OcultoCraft beer is currently in something of a golden era. While almost all of these primarily small breweries were snuffed out with the dawn of Prohibition in the United States, the industry has made a healthy rebound and popularity and interest have spiked since the turn of the century. Couple that with the great beers that have never skipped a beat since as far back as medieval times in other countries, and one could argue that craft beer has never been stronger.

But craft beer isn’t so much a product as it is a philosophy. Craft beer is about refusing to skimp on ingredients, always pushing the creative envelope, and, above all, putting a brew out there that you are proud to put your name behind.

But some in the beer industry just don’t get that.

Enter Oculto, a beer that advertises itself as a lager blended with beer aged on tequila barrel staves. Why are you blending beer with other beer? Why wouldn’t you just age all your lagered beer on the staves? Who knows.

But craft beer, in the philosophy of pushing that aforementioned creative envelope, is about trying new techniques and doing something that hasn’t been done before. So I, for one, was game to give it a try.

Oculto 3And therein lays the problem.

I don’t feel that I am exaggerating when I say Oculto is quite possibly the worst beer I’ve ever tasted. I purchased a six pack, expecting to consume all on Cinco de Mayo, and five bottles remain in my fridge (half of one was willingly poured down the drain last night).

The aroma itself – before you’ve even had a sip – is displeasing. I’ve smelled wonderful things on the noses of beers before. Chocolate, coffee, fruit, oak, and numerous spices just to name a few. But Oculto smells of stale tequila. Like the bar counter the morning after an epic party. Perhaps warning you of the horrible decisions your about to make.

And then there’s the taste. Oh, that wretched taste. The beer itself has no soul; no life to it. Virtually flavorless. You’d think then you’d look forward to the finish, bringing about a merciful ending, but there’s no such thing insight. Instead, finally and unfortunately, that tequila aging presents itself, but not in a pleasing way. The beer gives you one last jab, the same sort of jab a shot of tequila gives you as it goes down your gullet.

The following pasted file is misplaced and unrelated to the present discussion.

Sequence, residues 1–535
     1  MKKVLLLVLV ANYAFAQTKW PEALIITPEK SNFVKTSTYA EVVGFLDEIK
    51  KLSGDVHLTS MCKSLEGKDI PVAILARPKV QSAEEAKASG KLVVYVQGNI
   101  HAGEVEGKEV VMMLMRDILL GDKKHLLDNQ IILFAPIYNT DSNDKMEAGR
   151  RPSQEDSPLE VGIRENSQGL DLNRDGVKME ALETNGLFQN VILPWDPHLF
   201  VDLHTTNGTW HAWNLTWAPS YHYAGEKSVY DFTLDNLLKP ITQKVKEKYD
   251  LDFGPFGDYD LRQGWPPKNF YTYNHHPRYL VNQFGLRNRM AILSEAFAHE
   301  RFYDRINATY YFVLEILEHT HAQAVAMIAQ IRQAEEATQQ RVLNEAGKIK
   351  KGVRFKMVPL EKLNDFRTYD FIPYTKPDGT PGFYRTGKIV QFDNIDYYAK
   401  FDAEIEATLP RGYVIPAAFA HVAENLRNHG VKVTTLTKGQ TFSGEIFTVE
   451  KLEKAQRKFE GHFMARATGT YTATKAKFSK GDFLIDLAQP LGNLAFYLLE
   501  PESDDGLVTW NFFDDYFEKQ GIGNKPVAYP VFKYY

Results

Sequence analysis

If I didn’t know better, I’d say Oculto is Spanish for regret.

So the real question becomes how did this unfortunate brew get to market? There’s no shame in swinging and missing when it comes to craft brewing, but those misses generally find themselves poured down a drain somewhere, not on sale at 7-Eleven.

Well, if you’ve never heard of Broken Barrel Brewing Co., the supposed brewery behind Oculto, it’s not your fault. They don’t exist.

Sure, they may exist on financial documents and on the cardboard construction you carry that sad six pack home in, but they don’t exist in spirit. Why? Because Broken Barrel Brewing Co. is actually Anheuser-Busch.

This is a game that Anheuser likes to play. They understand that those looking for a craft beer are going to shy away from the big guys. So what do they do? They create subsidiary brands to make you think they’re something else entirely.

But while the name may change, the approach does not. Where true craft brewing is about making delicious beer, Anheuser-Busch (and other big brewers like MillerCoors for that matter) are and always will be about the bottom line.

Oculto2So if you’re wondering how someone could put their name behind such a god-awful beer, that’s how. For one, Broken Barrel Brewing isn’t a real name. And two, Anheuser-Busch’s reputation can’t really be anymore tarnished in the eyes of true craft beer enthusiasts.

It’s with this understanding that the pieces fall together. Everything starts to make sense. That’s why Oculto tastes like someone poured Bud Light into a glass that had tequila in it but no one washed it out. Because, regretfully, someone probably did.

But what Oculto really is, more than anything else, is an indictment of the big brewers. Not only is Anheuser-Busch not a craft brewery, but they are physically incapable of behaving like one. They simply just don’t get it.

They don’t get the passion that goes into craft brewing. They don’t understand that philosophy. To them, making a delicious beer that may end up costing twice that of a diet beer is a fool’s errand.

But it’s not.

The same sweat and capital Anheuser-Busch puts into marketing and promotions, craft breweries put into their beer. Their superior product is their marketing. Word of mouth is their promotions.

So why get all worked up over one bad beer, you ask? Why get on a soap box? Well, the answer is a two-parter.

One, it is insulting a craft beer fan’s intelligence to pass off their stale tequila water as anything else. They create shell companies and distance themselves from the Anheuser branding because they want to dupe you. No real craft brewery would waste any time on such a venture.

But second and more importantly, this sort of behavior actually harms craft breweries. Oculto sells itself as a lager with flavor that comes from being aged on tequila barrel staves. So, when you taste it and inevitably have a lackluster experience, you’re not going to want to try it again. So if a craft brewery does try to make something along the lines of Oculto without cutting corners and saving money and actually puts a product out there that is worth trying, your mind is already made up.

And that’s the real shame here.